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Liat Rosenfeld, Colin Cerretani, Danielle L. Leiske, Michael F. Toney, Clayton J. Radke, Gerald G. Fuller; Structural and Rheological Properties of Meibomian Lipid. Invest. Ophthalmol. Vis. Sci. 2013;54(4):2720-2732. doi: 10.1167/iovs.12-10987.
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We explore the unique rheological and structural properties of human and bovine meibomian lipids to provide insight into the physical behavior of the human tear-film lipid layer (TFLL).
Bulk rheological properties of pooled meibomian lipids were measured by a commercial stress-controlled rheometer; a home-built interfacial stress rheometer (ISR) probed the interfacial viscoelasticity of spread layers of meibomian lipids. Small- and wide-angle x-ray scattering detected the presence and melting of dispersed crystal structures. Microscope examination under cross polarizers provided confirmation of ordered crystals. A differential scanning calorimeter (DSC) analyzed phase transitions in bulk samples of bovine meibum.
Bulk and interfacial rheology measurements show that meibum is extremely viscous and highly elastic. It is also a non-Newtonian, shear-thinning fluid. Small- and wide-angle x-ray diffraction (SAXS and WAXS), as well as differential scanning calorimetry (DSC) and polarizing microscopy, confirm the presence of suspended lamellar-crystal structures at physiologic temperature.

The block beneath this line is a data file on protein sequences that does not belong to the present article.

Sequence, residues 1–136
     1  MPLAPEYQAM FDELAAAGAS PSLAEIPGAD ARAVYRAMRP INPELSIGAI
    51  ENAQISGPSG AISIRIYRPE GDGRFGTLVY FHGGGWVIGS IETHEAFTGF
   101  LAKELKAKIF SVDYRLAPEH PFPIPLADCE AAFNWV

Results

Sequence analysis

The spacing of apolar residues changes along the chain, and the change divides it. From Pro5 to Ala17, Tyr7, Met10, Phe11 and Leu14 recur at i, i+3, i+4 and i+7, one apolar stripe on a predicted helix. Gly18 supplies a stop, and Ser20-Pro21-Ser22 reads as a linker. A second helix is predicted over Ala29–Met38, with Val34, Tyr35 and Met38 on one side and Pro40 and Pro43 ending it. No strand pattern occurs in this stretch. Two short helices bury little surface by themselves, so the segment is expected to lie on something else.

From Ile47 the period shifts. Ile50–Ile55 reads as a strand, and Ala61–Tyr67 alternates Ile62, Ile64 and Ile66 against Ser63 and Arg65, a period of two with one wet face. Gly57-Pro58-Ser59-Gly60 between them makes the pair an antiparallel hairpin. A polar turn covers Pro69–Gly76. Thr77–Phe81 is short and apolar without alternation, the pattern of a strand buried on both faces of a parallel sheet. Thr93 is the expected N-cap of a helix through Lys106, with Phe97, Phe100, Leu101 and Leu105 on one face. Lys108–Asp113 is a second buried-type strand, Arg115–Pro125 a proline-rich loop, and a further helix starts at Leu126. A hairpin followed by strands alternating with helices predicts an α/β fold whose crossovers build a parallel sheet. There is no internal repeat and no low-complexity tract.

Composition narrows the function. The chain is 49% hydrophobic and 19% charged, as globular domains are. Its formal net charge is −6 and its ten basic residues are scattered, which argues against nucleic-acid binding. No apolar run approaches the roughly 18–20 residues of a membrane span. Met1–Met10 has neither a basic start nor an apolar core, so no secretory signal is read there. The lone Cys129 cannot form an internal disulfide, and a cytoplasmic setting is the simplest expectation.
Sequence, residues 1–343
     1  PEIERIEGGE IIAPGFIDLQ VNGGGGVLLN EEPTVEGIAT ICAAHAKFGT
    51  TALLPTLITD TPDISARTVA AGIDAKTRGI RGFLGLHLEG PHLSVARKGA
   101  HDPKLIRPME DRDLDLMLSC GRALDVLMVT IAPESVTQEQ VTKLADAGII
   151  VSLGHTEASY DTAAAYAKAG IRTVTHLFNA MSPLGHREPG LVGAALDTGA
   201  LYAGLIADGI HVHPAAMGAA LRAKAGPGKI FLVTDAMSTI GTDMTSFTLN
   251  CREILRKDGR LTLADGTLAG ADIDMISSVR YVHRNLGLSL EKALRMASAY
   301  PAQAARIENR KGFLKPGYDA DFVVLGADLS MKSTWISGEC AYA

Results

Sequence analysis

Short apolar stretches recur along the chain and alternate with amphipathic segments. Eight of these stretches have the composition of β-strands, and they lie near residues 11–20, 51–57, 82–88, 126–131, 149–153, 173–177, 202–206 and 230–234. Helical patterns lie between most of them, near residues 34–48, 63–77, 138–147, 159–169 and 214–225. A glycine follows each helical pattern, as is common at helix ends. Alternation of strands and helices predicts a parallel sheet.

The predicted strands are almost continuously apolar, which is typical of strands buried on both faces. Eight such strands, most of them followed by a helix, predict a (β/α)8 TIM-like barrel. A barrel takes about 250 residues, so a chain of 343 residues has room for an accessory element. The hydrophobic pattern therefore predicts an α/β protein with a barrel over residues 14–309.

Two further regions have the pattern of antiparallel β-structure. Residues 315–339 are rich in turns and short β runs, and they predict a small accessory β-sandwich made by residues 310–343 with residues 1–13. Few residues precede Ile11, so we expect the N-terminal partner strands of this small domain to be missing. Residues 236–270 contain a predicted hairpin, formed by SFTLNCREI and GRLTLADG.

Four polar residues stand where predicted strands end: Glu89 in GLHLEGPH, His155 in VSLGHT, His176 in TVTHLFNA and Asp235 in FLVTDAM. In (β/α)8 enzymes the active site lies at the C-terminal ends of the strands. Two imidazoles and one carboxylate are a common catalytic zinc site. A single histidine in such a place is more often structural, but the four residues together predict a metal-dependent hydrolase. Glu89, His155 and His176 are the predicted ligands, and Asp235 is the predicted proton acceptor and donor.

We studied meibum architecture and its relation to bulk and interfacial rheology. Bovine and human meibomian lipids exhibit similar physical properties. From all structural probes utilized, we find a melt transition near eye temperature at which lamellar crystals liquefy. Our proposed structure for the tear-film lipid layer at physiologic temperature is a highly viscoelastic, shear-thinning liquid suspension consisting of lipid lamellar-crystallite particulates immersed in a continuous liquid phase with no long-range order. When spread over on-eye tear, the TFLL is a duplex film that exhibits bulk liquid properties and two separate interfaces, air/lipid and water/lipid, with aqueous protein and surfactantlike lipids adsorbed at the water/lipid surface.
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